James Toback, who at last count has been accused of sexually harassing 310 women, has denied the charges in an intervew with Rolling Stone, calling them “just too stupid.” (And we do mean “at last count”; the last time Slate published a story tallying Toback’s accusers, they jumped by several dozen a minute later.) Speaking to journalist Hillel Aron four days before the publication of Glenn Whipp’s initial Los Angeles Times story, which built on the accounts of 38 women who said that Toback had approached them on the street with the offer to be considered for a part in one of his films, lured several to a hotel room, and then masturbated in front of them, Toback responded:
Lemme be really clear about this. I don’t want to get a pat on the back, but I’ve struggled seriously to make movies with very little money, that I write, that I direct, that mean my life to me. The idea that I would offer a part to anyone for any other reason than that he or she was gonna be the best of anyone I could find is so disgusting to me. And anyone who says it is a lying cocksucker or cunt or both. Can I be any clearer than that?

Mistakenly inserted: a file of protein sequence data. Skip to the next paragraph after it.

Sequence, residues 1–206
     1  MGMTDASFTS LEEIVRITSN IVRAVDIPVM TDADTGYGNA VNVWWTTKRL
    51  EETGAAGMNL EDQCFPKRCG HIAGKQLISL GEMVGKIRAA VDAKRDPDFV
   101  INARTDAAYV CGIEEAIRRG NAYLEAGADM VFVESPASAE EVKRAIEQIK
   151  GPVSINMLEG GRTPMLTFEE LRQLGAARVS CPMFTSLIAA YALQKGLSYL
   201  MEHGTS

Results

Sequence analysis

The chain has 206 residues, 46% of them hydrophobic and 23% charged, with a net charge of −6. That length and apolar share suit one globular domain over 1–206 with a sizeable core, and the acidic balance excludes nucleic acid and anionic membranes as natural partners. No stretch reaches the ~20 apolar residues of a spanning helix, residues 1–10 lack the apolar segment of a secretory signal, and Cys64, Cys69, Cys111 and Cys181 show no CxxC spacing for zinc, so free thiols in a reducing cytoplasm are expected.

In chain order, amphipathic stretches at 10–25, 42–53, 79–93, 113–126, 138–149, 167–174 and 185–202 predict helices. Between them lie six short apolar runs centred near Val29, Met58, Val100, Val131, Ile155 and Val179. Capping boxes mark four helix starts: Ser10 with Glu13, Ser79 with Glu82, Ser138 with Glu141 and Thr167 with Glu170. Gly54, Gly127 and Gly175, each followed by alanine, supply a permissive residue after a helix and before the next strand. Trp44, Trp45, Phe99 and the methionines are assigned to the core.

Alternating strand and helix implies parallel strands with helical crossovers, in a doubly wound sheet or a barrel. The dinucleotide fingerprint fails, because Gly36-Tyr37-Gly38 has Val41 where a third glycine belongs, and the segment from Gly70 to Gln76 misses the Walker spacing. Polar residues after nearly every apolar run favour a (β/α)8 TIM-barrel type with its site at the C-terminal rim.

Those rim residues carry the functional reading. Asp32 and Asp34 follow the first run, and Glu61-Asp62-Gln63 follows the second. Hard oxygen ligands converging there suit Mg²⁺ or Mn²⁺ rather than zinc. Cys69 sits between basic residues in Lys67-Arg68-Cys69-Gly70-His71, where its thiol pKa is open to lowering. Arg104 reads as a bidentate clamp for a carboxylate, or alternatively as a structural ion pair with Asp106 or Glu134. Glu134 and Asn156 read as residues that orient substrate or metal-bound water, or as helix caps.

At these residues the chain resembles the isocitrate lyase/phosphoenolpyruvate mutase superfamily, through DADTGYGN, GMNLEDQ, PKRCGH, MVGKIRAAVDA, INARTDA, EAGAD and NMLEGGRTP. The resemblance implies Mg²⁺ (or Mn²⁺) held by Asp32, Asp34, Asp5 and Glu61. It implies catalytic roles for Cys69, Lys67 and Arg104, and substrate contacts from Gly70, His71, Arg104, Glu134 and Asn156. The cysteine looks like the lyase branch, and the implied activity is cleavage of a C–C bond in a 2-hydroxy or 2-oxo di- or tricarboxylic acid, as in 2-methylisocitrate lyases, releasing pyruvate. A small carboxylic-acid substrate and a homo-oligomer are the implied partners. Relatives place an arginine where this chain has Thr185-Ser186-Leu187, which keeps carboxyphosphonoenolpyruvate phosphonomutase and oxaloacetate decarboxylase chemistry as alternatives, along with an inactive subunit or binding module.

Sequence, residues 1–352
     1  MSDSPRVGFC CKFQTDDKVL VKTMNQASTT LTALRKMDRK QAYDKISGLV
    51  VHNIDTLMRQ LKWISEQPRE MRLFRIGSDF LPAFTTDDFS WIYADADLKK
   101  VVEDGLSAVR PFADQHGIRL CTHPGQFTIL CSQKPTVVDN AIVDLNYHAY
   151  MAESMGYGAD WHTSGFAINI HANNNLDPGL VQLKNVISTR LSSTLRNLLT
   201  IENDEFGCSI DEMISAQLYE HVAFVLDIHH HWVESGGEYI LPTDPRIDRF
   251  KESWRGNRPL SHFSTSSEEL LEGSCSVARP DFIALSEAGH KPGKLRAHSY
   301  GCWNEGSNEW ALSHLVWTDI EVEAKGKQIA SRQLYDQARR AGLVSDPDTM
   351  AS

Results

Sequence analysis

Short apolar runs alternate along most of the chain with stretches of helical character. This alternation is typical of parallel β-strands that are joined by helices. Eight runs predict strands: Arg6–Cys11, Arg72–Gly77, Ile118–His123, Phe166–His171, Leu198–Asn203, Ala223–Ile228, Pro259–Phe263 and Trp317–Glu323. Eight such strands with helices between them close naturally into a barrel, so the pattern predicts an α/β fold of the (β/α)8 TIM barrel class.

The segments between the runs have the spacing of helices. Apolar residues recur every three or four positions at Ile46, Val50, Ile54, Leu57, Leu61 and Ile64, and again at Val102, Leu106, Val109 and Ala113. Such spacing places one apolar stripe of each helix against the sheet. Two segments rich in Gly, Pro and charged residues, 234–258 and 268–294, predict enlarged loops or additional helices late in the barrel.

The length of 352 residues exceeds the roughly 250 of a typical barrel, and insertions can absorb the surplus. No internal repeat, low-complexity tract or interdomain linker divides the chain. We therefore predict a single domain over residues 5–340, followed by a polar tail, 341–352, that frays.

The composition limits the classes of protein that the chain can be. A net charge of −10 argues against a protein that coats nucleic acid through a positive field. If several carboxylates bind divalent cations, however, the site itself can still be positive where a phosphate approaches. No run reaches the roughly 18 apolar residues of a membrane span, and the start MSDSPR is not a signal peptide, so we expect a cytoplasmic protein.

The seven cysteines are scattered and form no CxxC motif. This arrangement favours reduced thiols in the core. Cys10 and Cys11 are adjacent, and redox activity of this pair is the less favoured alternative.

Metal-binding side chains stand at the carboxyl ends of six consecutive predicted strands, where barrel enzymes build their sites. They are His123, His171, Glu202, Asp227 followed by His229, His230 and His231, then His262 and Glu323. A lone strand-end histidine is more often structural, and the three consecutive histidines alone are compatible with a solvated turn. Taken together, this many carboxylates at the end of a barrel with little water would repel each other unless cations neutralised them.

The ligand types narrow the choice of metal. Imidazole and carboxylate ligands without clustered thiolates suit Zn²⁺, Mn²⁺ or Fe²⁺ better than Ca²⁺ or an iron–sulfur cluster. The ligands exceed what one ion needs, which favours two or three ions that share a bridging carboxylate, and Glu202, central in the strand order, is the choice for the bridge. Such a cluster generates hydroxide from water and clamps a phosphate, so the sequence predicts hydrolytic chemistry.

Toback’s comments were made on Oct. 17, but not published until Friday.
Aron’s account of their exchange, which occured during an interview for Toback’s movie The Private Life of an American Woman, is a tense and combative one—a response you might expect from anyone being accused of behavior as stomach-turning as what Toback is alleged to have done. But you also see in Toback’s response the kinds of techniques that turn up again and again in the stories of his and Harvey Weinstein’s alleged victims, the threats and shame that kept many from speaking out, and kept the rest from being listened to when they did. (In an article in Vanity Fair, Selma Blair says that Toback “joked” about how he could have members of her family killed before he compelled her to take off her sweater and “raped my leg.”) “My question to you is, do you want to be a writer? Do you have any sense of yourself as a serious person? Because this stuff should be beneath anybody,” Toback says to Aron. ”[I]f I were you, I wouldn’t go repeating it, unless you really knew it were true, because it isn’t.”
Toback is right that “this stuff” should be “beneath anybody,” but not in the way that he means it.